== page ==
International tax, OECD, BEPS, unilateralism, multilateralism
The OECD recently emerged as the site of unprecedented, multilateral, and seemingly high-stakes negotiations about the future of international business income taxation. Judging by the political resources deployed in these negotiations, international tax has entered unchartered territory. Professor Ruth Mason offers a timely and balanced portrayal of the OECD process so far. But explanations of this process remain highly contestable. On the one hand, international institutions that address externalities from uncoordinated actions and produce mutual benefits for participating nations can be highly stable. On the other hand, the OECD has struggled, whether in its BEPS (Base Erosion and Profit Shifting) and post-BEPS initiatives or during the pre-BEPS era, to articulate the goals for which international coordination in taxation is needed. By many accounts, recent discussions at the OECD are motivated mainly by the desire to stop foreign imposition of taxes on U.S. companies, or, as the other side of the same coin, to avert the wrath of the single hegemonic power in international tax. What is the best characterization of this conflict? I believe that understanding the underlying subject matter for international coordination, as opposed to merely the institutions that might facilitate such coordination, is required for identifying the coming transformation of international tax.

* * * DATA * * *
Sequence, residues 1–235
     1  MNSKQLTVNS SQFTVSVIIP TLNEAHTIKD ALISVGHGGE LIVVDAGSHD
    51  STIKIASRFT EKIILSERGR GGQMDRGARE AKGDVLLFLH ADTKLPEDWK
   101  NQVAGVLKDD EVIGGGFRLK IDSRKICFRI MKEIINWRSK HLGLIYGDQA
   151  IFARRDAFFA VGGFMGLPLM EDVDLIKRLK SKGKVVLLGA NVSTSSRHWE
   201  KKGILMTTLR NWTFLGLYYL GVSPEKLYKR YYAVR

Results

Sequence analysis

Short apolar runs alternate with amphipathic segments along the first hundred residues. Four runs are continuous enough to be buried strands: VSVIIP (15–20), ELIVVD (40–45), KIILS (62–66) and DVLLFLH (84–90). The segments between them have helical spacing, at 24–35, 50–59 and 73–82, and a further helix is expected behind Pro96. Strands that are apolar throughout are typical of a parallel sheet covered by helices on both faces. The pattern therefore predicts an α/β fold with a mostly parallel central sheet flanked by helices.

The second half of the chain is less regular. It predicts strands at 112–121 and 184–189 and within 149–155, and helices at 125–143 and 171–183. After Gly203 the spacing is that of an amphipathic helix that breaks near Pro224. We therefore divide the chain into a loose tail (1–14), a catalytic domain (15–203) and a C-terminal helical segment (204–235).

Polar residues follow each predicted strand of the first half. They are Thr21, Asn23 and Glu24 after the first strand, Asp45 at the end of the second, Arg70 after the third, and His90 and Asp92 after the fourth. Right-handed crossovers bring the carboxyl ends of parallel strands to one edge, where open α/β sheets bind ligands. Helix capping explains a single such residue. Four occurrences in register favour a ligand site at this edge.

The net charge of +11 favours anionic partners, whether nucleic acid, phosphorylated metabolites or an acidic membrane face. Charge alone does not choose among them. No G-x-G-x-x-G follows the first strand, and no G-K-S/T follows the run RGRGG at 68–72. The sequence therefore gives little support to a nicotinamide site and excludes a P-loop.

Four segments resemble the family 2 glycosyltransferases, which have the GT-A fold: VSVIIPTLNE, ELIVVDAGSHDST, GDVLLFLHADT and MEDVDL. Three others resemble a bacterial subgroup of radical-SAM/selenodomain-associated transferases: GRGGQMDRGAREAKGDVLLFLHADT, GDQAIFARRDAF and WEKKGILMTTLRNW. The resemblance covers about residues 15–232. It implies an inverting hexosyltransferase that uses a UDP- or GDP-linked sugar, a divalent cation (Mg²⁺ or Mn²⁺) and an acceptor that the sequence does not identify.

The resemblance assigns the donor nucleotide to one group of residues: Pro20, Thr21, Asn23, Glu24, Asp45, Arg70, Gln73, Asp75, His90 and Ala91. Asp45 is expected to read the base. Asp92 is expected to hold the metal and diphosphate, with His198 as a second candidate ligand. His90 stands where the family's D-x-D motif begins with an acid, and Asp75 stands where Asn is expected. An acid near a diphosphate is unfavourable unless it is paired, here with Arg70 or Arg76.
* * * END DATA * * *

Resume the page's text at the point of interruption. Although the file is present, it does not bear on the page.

Wei Cui, "What Is Unilateralism in International Taxation?" (2020) 114 AJIL Unbound 261.